NHS To Ramp Up Coronavirus Testing For Frontline Workers From Next Week

Critical care nurses, intensive care staff, ambulance workers and GPs will start getting tested for Covid-19.

NHS staff including critical care nurses, intensive care staff, ambulance workers and GPs will start getting tested for coronavirus from next week, the health service has announced.

Sir Simon Stevens, chief executive of NHS England, said it was “urgently important” to test health service staff who are off sick or self-isolating to see if they can return to work.

It comes following criticism about the lack of coronavirus testing for NHS workers, which is forcing potentially healthy doctors and nurses to self isolate at home with symptoms when they could be working on the frontline. On the flip side, it could also mean asymptomatic staff infecting patients without realising.

Stevens told the daily Downing Street coronavirus press conference: “We think it is urgently important that we are able to test frontline staff who are off sick or otherwise isolating.

“That’s why the work that Public Health England has been leading is so important because it means we are going to be able to double by this time next week the number of tests compared to the number that we’ve been doing this week.

“So I can say that today we are announcing that we will be rolling out staff testing across the NHS beginning next week, starting with critical care nurses, other staff in intensive care emergency departments, ambulance services, GPs – and as the testing volumes continue to increase we want to expand that to a wider range of essential public service workers including social care services, as well as of course continuing with the patient testing which is so vital.”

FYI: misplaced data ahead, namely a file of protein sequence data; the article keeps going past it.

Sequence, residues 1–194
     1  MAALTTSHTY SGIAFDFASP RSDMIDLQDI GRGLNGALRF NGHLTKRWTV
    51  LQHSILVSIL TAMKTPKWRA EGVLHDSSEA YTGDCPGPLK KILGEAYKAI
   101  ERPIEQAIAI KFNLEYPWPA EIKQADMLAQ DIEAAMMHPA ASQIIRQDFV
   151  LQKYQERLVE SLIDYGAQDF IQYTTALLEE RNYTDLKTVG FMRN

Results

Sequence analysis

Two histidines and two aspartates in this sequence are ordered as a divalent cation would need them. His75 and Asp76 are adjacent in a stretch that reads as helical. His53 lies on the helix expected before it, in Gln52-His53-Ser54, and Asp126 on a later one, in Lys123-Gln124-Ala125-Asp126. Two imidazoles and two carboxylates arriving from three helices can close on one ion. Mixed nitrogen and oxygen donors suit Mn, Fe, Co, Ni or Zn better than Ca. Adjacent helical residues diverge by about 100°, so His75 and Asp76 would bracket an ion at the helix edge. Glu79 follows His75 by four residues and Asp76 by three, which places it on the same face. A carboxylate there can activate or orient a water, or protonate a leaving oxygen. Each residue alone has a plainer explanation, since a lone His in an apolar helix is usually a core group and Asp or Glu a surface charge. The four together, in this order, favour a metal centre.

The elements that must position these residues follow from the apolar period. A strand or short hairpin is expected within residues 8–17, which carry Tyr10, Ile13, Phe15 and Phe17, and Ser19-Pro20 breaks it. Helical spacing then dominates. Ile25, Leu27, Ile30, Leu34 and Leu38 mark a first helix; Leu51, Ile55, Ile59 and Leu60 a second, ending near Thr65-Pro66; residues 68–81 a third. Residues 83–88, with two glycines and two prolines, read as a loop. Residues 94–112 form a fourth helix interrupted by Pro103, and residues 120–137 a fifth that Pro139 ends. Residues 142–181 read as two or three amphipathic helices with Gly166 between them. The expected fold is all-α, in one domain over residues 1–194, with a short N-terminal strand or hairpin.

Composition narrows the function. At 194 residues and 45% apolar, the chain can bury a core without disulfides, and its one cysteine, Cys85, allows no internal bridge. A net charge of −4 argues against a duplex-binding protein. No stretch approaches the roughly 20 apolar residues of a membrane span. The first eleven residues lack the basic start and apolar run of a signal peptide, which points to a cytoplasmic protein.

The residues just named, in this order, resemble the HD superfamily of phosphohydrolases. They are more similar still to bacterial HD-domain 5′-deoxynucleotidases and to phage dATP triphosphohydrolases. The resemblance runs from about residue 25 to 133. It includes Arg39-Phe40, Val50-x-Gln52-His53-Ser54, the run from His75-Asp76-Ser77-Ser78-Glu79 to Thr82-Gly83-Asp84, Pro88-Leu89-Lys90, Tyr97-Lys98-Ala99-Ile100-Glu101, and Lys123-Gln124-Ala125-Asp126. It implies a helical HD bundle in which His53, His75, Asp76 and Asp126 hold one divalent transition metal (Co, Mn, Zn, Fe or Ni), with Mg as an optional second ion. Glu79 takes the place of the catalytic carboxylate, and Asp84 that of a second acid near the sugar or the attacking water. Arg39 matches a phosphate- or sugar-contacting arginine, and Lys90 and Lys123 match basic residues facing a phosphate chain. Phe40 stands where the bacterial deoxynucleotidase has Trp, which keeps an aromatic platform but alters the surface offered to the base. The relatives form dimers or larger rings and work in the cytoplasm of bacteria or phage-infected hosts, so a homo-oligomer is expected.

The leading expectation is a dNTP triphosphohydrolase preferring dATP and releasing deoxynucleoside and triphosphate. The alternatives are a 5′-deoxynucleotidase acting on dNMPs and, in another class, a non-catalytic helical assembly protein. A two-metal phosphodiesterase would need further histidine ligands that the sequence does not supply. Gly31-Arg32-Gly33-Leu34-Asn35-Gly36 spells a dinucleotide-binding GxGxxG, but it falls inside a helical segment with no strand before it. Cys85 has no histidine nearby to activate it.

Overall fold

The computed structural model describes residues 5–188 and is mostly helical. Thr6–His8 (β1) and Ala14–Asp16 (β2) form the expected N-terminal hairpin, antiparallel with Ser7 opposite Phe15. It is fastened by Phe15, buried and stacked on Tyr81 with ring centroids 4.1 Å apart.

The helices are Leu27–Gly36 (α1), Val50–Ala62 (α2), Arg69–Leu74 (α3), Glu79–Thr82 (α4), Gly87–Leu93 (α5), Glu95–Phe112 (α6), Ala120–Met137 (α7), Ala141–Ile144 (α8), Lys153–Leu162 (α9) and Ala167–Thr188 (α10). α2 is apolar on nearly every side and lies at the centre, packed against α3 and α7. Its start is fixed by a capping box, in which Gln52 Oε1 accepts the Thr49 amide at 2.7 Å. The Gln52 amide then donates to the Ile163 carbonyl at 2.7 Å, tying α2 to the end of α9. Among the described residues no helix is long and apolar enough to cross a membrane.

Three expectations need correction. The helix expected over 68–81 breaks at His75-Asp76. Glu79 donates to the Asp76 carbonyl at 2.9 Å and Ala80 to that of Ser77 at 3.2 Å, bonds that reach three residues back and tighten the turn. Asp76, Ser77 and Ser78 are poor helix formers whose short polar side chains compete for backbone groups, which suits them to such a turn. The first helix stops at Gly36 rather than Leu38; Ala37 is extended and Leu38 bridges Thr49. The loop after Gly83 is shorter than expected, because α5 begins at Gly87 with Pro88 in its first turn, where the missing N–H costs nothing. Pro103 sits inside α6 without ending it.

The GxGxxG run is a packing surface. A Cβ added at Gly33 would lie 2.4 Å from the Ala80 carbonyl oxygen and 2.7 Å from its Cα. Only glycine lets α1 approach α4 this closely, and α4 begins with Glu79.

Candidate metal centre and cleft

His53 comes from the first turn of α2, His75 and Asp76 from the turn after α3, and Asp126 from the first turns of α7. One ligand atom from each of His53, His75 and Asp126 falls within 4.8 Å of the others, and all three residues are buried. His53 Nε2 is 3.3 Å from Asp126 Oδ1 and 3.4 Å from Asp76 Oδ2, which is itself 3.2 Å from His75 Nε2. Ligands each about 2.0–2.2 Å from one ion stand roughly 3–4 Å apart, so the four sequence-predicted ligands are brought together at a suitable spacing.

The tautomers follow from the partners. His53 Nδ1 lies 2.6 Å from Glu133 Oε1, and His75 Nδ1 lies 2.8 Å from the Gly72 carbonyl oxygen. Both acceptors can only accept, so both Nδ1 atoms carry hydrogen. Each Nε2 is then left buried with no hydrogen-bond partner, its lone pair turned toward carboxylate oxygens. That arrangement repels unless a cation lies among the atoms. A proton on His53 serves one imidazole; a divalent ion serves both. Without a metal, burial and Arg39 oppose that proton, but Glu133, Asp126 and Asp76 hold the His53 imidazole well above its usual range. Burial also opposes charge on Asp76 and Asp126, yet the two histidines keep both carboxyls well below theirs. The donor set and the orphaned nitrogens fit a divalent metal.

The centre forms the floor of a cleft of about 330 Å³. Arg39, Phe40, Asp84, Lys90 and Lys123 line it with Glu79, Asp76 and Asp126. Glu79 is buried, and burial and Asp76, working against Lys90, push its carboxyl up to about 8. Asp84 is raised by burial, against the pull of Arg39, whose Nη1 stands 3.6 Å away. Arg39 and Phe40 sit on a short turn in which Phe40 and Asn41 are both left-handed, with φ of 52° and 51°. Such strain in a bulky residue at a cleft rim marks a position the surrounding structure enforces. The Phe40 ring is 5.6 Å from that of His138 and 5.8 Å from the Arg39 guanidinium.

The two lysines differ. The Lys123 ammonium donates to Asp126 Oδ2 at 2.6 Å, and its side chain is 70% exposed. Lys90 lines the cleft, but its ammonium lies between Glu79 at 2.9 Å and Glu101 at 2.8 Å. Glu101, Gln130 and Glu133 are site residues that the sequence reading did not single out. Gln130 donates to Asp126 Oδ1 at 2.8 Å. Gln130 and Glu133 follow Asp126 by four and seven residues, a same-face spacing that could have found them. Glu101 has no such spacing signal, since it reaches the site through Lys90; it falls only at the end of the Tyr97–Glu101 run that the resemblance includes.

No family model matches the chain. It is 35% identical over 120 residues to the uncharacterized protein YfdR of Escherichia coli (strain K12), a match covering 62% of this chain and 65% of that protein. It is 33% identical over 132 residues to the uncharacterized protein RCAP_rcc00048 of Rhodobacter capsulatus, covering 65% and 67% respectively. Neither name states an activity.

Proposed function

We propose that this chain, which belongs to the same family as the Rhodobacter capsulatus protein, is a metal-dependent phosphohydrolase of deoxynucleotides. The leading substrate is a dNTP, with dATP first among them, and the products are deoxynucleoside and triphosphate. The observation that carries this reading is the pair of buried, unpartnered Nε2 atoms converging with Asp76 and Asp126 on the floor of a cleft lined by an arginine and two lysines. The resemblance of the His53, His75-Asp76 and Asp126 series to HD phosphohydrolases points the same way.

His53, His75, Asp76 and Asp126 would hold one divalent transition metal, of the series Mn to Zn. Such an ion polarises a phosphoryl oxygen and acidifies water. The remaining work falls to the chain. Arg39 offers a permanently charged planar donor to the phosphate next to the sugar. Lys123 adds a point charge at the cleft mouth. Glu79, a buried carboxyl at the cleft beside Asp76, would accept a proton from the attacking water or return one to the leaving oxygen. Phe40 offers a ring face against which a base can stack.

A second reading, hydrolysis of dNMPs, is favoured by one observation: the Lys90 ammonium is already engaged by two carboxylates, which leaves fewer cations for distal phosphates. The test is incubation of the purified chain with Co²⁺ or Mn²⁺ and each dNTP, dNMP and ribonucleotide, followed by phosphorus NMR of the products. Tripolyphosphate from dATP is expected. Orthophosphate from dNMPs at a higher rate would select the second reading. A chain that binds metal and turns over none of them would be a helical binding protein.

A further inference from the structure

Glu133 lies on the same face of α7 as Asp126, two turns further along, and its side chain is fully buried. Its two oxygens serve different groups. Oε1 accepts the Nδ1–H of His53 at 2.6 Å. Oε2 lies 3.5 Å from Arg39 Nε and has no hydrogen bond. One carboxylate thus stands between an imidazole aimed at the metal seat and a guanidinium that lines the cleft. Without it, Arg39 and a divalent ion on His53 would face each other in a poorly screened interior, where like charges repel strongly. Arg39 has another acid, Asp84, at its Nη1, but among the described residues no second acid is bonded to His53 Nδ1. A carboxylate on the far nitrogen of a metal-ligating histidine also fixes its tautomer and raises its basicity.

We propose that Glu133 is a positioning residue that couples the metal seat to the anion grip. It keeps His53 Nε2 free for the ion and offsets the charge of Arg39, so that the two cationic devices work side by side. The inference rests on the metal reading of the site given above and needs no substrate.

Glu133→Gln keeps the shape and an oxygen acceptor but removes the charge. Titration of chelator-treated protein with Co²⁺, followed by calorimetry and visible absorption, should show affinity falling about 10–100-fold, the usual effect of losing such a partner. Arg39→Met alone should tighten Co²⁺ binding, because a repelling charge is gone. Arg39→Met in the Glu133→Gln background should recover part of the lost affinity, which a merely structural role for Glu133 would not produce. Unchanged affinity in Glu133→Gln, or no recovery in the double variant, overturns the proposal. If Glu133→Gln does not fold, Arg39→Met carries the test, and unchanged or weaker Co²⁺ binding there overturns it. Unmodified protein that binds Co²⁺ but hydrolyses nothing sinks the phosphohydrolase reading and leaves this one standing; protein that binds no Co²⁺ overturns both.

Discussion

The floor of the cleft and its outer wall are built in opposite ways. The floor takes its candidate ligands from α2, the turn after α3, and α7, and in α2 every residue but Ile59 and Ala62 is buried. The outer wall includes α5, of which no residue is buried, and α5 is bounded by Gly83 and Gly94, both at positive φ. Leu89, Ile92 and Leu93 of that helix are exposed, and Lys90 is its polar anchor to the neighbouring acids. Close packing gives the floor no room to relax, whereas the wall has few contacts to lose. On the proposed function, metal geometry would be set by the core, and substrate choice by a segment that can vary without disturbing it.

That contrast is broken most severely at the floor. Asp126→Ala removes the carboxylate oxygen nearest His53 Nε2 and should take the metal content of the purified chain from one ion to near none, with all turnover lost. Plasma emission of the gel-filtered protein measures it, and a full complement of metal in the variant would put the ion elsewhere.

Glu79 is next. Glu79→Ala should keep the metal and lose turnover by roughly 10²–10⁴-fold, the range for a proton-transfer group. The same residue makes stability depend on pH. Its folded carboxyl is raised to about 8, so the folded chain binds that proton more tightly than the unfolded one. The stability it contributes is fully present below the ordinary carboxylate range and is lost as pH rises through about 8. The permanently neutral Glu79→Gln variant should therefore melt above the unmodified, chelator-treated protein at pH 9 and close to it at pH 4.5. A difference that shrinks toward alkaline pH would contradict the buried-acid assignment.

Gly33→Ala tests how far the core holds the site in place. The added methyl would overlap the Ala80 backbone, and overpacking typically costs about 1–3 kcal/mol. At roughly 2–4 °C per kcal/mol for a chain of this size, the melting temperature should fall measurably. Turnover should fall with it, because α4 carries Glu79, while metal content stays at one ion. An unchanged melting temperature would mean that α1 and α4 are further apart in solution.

Michael Gove said the government had brought together universities, businesses and research institutes in a “new alliance” to boost testing capacity for frontline workers.

The chancellor of the Duchy of Lancaster said: “This will be antigen testing – testing whether people currently have the disease – so that our health and social care workers can have security in the knowledge that they are safe to return to work if their test is negative.

“These tests will be trialled for people on the frontline starting immediately, with hundreds to take place by the end of the weekend – dramatically scaling up next week.”

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Meanwhile, Stevens announced plans to open two new temporary hospitals to treat coronavirus patients in Manchester’s Central Convention Centre and Birmingham’s National Exhibition Centre.

He also revealed that:

  • 6,200 Covid-19 patients are being treated in English hospitals, and the number is “only bound to rise”;
  • 18,000 doctors and nurses have returned to practice registers after “answering the calls to arms”;
  • There are now 33,000 beds available to treat coronavirus patients in England;
  • There are just under 3,000 empty and available hospital beds in London, and there would be additional beds next week at the new temporary NHS Nightingale hospital in the capital’s Excel centre.

Stevens defended his record on bed reductions and declining nurse numbers in the NHS, but admitted: “The NHS does need more staff and it does need more hospital beds. We’ve been saying that for some time and that’s what’s going to be happening.”

He went on: “But the reality is [...] over the last several weeks we’ve freed up the equivalent of 50 hospitals across England ready and waiting for coronavirus patients.

“Under normal circumstances you would not keep 50 hospitals fully staffed with nurses and doctors not actually looking after patients.”